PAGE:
Here are listed some procedures to extract information of a running Nuxeo instance. These information can be requested by the support team. Please always compress files before uploading them to your JIRA ticket.
To dump your server configuration and status run
You can use GUI tools like Java Mission Control or VisualVM to introspect these metrics, but if you want to dump all of them to report a problem you can use jmxterm (using the same JVM and user as your Nuxeo):
# download jmxterm
wget http://sourceforge.net/projects/cyclops-group/files/jmxterm/1.0-alpha-4/jmxterm-1.0-alpha-4-uber.jar/download -O /tmp/jmxterm-1.0-alpha-4-uber.jar
# list metrics beans and create a script
echo -e "domain metrics\nbeans" | java -jar /tmp/jmxterm-1.0-alpha-4-uber.jar -l localhost:1089 -n | sed -e "s,^,get -b ,g" -e "s,$, \*,g" > /tmp/metrics-script.txt
# get metrics info
(date +'%Y-%m-%d %H:%M:%S:%3N'; java -jar /tmp/jmxterm-1.0-alpha-4-uber.jar -l localhost:1089 -n -i /tmp/metrics-script.txt) > /tmp/metrics.txt 2>&1
And attach the
metrics.txt file to your JIRA ticket.
The garbage collector attempts to reclaim memory used by objects that are no longer in use by the application.
The garbage collector is monitored by default since Nuxeo 6.0, the log file is located here:
In case of problem think to save this file before restarting because the file is overridden on start. If you see many full GC in the file try to run a JVM heap histo.
To see what objects are present in the heap
jcmd Bootstrap GC.class_histogram > /tmp/heap-histo.txt
A thread dump is useful to understand what code is running at time t. It is always better to create 2 or 3 thread dumps with few seconds of pause between them. It makes possible to pinpoint stuck code, you should also take capture of the thread activity.
The first step is to log in as same user as the Nuxeo JVM then use either
jcmd Bootstrap Thread.print > /tmp/nuxeo.tdump
- Get the PID of the Nuxeo JVM, running command and look at a Bootstrap process id.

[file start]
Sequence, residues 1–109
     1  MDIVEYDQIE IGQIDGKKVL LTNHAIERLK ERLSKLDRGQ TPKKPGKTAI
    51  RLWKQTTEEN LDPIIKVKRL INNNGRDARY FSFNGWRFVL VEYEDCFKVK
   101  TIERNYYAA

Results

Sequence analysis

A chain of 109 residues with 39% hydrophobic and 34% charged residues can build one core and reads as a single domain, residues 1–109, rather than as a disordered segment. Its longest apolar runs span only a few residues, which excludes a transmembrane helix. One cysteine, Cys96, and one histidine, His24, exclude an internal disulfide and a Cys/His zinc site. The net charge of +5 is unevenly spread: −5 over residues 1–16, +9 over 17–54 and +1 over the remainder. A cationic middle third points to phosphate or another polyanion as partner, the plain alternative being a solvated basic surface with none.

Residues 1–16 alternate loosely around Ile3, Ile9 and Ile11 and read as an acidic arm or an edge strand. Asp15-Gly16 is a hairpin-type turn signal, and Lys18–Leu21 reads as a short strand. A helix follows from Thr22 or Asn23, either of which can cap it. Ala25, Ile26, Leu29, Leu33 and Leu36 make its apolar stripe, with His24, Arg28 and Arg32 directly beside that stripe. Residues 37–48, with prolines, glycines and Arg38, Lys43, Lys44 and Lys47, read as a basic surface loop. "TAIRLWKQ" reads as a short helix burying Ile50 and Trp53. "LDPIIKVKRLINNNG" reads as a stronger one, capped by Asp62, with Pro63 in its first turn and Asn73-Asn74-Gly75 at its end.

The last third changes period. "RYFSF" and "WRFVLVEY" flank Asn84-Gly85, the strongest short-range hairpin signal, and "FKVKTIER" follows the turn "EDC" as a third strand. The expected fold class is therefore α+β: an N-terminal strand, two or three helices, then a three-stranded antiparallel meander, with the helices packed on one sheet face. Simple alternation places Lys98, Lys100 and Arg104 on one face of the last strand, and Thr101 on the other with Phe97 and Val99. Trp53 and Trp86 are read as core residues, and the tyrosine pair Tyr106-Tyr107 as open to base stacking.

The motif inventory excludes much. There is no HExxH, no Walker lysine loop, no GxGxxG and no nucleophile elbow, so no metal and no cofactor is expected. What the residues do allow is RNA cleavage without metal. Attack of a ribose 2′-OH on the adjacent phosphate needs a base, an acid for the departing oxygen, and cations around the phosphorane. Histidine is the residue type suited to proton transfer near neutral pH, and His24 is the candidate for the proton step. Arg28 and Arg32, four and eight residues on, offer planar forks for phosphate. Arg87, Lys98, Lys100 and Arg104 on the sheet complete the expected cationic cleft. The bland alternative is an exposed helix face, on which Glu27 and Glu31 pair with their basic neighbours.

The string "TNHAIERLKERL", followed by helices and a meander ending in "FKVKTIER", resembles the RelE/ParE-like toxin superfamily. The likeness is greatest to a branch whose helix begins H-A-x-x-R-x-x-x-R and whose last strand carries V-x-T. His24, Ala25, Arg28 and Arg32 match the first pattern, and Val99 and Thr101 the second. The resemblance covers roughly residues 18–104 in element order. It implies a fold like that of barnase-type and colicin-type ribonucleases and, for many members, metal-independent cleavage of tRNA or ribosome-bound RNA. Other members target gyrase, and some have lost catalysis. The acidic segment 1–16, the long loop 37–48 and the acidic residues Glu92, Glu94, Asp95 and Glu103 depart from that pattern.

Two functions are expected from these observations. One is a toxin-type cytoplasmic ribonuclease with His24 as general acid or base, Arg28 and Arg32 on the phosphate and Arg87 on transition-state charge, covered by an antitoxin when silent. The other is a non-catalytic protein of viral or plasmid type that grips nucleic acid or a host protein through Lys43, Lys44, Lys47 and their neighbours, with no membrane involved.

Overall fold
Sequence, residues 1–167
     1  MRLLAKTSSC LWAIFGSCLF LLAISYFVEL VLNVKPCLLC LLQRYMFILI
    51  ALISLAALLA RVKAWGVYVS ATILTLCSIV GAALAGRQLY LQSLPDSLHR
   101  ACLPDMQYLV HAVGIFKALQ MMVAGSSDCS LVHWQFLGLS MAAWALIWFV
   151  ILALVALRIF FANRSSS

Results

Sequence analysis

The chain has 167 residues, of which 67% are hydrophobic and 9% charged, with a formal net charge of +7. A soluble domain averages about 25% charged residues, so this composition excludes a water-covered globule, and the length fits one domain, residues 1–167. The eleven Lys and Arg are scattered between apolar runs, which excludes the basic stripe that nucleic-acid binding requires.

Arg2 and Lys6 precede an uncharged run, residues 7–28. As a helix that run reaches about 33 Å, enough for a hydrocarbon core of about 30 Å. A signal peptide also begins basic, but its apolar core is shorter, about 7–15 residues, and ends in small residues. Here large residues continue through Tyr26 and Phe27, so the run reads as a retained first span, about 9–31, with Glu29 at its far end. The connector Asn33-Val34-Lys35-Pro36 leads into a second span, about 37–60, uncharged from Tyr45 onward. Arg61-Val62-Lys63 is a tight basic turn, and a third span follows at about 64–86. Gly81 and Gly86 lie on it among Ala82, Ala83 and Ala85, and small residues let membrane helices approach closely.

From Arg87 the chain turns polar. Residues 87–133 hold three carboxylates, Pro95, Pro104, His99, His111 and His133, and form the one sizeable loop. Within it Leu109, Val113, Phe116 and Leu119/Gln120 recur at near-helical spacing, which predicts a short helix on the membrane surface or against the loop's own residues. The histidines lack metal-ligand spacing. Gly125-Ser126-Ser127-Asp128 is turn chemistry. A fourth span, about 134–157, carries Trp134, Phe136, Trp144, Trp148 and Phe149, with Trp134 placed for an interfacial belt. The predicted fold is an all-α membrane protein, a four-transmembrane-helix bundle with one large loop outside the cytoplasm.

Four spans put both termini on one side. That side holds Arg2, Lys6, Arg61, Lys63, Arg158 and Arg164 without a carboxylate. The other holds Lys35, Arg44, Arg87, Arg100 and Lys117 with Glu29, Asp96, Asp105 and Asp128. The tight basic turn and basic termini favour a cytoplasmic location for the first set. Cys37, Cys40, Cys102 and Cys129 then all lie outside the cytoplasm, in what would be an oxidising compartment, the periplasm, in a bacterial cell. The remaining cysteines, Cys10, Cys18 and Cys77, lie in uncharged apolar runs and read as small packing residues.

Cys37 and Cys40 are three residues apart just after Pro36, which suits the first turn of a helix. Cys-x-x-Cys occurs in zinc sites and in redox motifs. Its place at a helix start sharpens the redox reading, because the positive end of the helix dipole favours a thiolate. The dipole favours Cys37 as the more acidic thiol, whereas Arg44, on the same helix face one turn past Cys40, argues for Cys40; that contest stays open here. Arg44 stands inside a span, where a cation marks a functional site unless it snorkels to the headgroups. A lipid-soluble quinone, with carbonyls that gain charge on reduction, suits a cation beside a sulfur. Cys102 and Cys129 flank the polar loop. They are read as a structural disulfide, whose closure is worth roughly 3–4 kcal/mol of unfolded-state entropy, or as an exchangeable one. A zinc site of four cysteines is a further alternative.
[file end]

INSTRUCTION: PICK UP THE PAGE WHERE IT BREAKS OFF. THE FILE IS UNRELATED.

jstack <PID> > /tmp/nuxeo.tdump
If you have errors try again with the force option:
jstack -F <PID>.
It is also interesting to correlate the code path given by a thread dump with the CPU activity:
top -bcH -n1 -w512 > /tmp/top-thread.txt
If you are subscribing to an appropriate Oracle commercial license for the JVM, you can activate this option in the
JAVA_OPTS=$JAVA_OPTS -Dcom.sun.management.jmxremote.autodiscovery=true -Dcom.sun.management.jdp.name=Nuxeo -XX:+UnlockCommercialFeatures -XX:+FlightRecorder
Then to record JVM activity for 1 minute use the following command:
jcmd Bootstrap JFR.start duration=60s filename=/tmp/record-01.jfr
When the JVM is stuck, in addition to thread dump and before restarting, a core dump can give more context information,
If you have
gdb installed, you can generate a core dump without killing the application:
sudo gdb --pid=<PID> --batch -ex generate-core-file -ex detach
If the problem is related to Elasticsearch access (initialization or bad health status), please list:
- the non default
- the non default Elasticsearch configuration options (especially the discovery)
And report the output of the following commands, assuming that Elasticsearch is on localhost and that the HTTP protocol is open on port 9200:
In addition If the problem is related to unexpected search results or errors, follow this procedure: Reporting Settings and Mapping
Measure the round trip between Nuxeo and the database:
ping -s 8192 <database IP>
Use mtr to discover what is between the Nuxeo server and the database, report any firewall or known hardware.
Look at the number of errors reported by
netstat -s , as a large number of errors may indicate a network problem.
A network capture can be helpful at some point:
# Capture all eth0 traffic
sudo tcpdump -i eth0 -w /tmp/out.tcpdump
# Capture http traffic to port localhost:8080
sudo tcpdump -i lo -A host localhost and tcp port 8080 -w /tmp/out.tcpdump
You can report a Linux configuration using the aspersa summary script:
wget http://aspersa.googlecode.com/svn/trunk/summary && bash summary
To monitor the system the sysstat utilities are a collection of performance monitoring tools for Linux that is easy to setup.
You can monitor the system activity like this:
sar -d -o /tmp/sysstat-sar.log 5 720 >/dev/null 2>&1 &
This will monitor the activity every 5s during 1h.
Very useful also is to have a process monitoring, this can be done with atop running as root:
atop -w /tmp/atop.log 5 720 >/dev/null 2>&1 &
If you think you've found a security issue, please report it privately to [email protected].